Early on, Stuart and Hervey managed a small group of staff whose focus was on designing buildings to suit their client’s needs. Commissions came through developing existing relationships, such as those made at Stuart’s standing tennis matches at 3 p.m. on Thursdays. Amazingly, despite the oil crisis of the 70s and early 80s that hit Denver hard, this small firm was designing big, high-rise projects. These included Park Place and Country Club towers near Speer Blvd, several residential towers off of Cheesman Park, and a half-dozen high-rises for the Writer Family at the intersection of I-25 & Colorado Blvd, five of which are still standing. OLC was a small firm with big project credibility. One of those late tennis sessions led to OLC designing its first, standalone, multi-purpose health club, now known as the Colorado Athletic Club–Inverness.
Out of the success and the relationships established with that project, OLC dove right into the fitness and recreation industry. With Hervey leading the charge, the firm has since become a specialist and expert in the fitness and recreation field. He and others have authored articles on specialized design for organizations such as IHRSA, NIRSA, the Medical Fitness Association and parks and recreation departments. OLC staff attend and regularly speak as design specialists at industry conventions and seminars.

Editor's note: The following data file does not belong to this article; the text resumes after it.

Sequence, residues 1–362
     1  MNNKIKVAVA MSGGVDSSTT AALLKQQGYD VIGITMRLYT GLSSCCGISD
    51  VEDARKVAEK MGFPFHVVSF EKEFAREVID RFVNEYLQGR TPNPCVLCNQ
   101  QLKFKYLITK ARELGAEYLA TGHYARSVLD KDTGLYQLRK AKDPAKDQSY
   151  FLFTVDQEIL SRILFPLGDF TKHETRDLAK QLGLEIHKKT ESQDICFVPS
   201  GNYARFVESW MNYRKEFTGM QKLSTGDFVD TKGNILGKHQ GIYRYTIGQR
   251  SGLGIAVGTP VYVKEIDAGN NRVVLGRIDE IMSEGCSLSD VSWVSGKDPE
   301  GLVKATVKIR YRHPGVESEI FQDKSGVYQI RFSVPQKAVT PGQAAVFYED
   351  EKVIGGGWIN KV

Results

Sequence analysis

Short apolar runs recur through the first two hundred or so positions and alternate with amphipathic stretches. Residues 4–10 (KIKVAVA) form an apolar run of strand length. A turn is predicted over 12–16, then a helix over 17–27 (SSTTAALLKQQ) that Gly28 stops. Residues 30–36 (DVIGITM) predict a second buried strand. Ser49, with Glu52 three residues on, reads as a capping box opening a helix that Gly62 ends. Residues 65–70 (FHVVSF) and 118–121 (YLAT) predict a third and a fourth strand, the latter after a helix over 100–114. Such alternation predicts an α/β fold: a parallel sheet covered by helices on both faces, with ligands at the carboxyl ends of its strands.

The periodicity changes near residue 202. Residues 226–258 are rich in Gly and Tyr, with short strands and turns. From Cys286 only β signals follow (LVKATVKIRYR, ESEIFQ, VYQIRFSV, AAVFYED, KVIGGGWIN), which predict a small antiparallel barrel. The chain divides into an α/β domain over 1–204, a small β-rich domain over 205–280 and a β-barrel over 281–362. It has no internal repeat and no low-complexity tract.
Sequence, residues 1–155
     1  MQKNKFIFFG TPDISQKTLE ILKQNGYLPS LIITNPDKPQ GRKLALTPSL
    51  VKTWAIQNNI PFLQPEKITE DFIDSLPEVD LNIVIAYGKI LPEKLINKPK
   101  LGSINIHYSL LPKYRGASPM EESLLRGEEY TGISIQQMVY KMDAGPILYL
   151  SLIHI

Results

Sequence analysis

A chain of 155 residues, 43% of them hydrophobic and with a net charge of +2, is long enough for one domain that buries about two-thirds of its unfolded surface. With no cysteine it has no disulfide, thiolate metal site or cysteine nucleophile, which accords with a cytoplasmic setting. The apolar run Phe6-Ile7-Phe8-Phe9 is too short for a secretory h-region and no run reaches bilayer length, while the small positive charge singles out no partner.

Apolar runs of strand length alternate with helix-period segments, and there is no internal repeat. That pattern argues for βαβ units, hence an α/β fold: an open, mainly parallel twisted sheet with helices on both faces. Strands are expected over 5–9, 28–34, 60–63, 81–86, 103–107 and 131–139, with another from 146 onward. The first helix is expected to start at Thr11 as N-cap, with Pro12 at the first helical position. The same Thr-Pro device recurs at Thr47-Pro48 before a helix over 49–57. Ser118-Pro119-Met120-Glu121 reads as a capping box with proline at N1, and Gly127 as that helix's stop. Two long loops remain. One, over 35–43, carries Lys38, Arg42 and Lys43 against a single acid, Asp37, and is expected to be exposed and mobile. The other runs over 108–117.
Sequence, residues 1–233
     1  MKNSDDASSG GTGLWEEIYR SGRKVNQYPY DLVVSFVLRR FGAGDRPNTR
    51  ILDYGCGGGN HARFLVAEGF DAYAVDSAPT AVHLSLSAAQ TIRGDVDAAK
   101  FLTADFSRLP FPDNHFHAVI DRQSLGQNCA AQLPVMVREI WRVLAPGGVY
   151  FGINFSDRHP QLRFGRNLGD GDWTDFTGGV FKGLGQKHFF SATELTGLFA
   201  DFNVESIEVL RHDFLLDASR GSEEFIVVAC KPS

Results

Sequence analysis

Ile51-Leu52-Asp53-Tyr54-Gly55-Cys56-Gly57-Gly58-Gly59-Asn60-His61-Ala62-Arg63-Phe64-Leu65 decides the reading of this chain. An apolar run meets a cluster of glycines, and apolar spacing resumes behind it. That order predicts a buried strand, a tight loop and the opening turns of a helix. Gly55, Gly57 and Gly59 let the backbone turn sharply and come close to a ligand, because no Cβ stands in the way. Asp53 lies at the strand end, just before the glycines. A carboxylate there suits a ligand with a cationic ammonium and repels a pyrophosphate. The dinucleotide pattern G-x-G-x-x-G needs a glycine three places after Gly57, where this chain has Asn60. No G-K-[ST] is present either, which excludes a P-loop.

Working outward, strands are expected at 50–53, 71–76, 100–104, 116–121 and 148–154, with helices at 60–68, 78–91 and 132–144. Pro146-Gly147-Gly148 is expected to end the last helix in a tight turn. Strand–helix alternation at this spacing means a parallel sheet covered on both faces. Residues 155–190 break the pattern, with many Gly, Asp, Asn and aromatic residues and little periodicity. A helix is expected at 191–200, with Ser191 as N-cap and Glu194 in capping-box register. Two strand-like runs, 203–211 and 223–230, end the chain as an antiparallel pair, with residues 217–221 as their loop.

A big change came out of that industry focus—travel. Prior to 1984, OLC had never had a design assignment of any kind outside the state of Colorado. Fortuitously, during this time, work out of state helped OLC bridge the periodic economic slowdowns that plagued Denver through the 70s and 80s, (The AIA slogan for 1975 was “stay alive in seventy-five!”). It seemed that there was always a hot development zone in some part of the country…and where the economy was hot, clubs were being built: Dallas in the early 80s; Washington, DC in the mid-80s; Atlanta in the late 80s. In 1988 OLC began traveling to and working in Japan, which became a major source of work during some lean times in the U.S. OLC’s specialized design focus thus meant a steady source of business, but also travel and lots of it.